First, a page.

These trains also don't have the cultural appeal of say, Star Wars toys. They're not something that most people played with in their childhood and are now willing to pay ludicrous amounts of money to reclaim. They were either scale model trains made for serious model railroaders (the AHM steam) or cheap model trains made for the train set crowd (Tyco).

    Of the trains on your list, only the big AHM steam should command prices anywhere near $100 each. They Tyco stuff is cheap toy-level quality, worth maybe $10-$25, depending on condition. The AHM diesels are also of dubious quality and value, and should be priced in the same range. The TM ALCos, while a curiousity, are not particularly collectible. They should be priced for what they are... poor running plastic HO locomotives, with dubious levels of detail.

    Don't be buying this stuff thinking its going to be an investment. It's not. What you pay now will be what you'll get for it in 30 years. If you want to invest in trains with any hope of a financial return, buy brass, or buy original '50s Lionel and American Flyer.
  10. wjstix

    wjstix Member

    Walthers bought Train Miniature in the 80's, I assume the Train Miniatures FA unit would be the same (with some improvements) offered today by Walthers.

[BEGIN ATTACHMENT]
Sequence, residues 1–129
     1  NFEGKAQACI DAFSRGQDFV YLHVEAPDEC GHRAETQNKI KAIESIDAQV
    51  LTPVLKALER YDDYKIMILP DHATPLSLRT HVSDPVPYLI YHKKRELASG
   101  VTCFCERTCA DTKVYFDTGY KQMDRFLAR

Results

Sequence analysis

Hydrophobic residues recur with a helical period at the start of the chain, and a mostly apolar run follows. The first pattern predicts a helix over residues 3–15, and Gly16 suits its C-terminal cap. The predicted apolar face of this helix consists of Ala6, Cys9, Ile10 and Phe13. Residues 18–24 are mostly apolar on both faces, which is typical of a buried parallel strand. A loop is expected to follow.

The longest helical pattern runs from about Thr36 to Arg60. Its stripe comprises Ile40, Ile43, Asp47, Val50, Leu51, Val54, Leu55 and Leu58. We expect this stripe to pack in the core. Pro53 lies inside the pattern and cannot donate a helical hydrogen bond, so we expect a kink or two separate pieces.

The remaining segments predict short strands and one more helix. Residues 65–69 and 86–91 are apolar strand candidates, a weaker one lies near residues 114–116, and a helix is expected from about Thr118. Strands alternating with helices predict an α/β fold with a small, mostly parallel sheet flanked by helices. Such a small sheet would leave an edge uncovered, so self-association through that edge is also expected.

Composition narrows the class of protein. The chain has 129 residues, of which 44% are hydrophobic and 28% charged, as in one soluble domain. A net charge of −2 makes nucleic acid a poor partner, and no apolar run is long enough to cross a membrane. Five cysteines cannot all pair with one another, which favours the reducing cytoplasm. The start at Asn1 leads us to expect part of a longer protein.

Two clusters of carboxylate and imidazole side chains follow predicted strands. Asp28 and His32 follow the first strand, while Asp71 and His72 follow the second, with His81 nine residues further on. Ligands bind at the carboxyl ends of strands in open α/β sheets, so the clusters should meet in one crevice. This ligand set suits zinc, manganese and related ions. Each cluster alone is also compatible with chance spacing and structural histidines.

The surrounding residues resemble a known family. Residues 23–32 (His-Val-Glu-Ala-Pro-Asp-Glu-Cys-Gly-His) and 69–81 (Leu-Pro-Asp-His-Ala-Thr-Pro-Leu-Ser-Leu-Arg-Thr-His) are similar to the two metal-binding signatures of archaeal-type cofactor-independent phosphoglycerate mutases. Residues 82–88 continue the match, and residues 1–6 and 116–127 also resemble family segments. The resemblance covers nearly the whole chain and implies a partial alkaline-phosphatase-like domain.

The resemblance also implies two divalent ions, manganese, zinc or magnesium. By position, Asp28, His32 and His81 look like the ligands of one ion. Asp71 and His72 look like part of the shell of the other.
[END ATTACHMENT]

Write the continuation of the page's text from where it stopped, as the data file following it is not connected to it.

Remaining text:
Most of the stuff you list is stuff I've seen sitting on flea market tables year after year, usually with a pretty low price tag, maybe $25-50...with no takers.

    Generally in order to be valuable as a highly desireable collectible, something has to be both well made and rare. None of the stuff in your list is really either. The MDC boxcab should run OK but new it only sold for about $25 list. With work, some of the AHM engines could be brought up to snuff with new motors and detailing (and possibly repainting & lettering...pre-dec engines and cars didn't get to be really good until the last 10-15 years).

    If you want to do buy them as "fix'er uppers" or as 70's nostalgia, that's fine. But as collectibles, you'd be better to go out to spend the money on Lionel, or on railroad books (since most RR related books are limited runs, their price is almost certain to rise over time.)
  11. Gil Finn

    Gil Finn Active Member

    I think 3 bucks a car is what I would pay without seeing them. Might goto $5.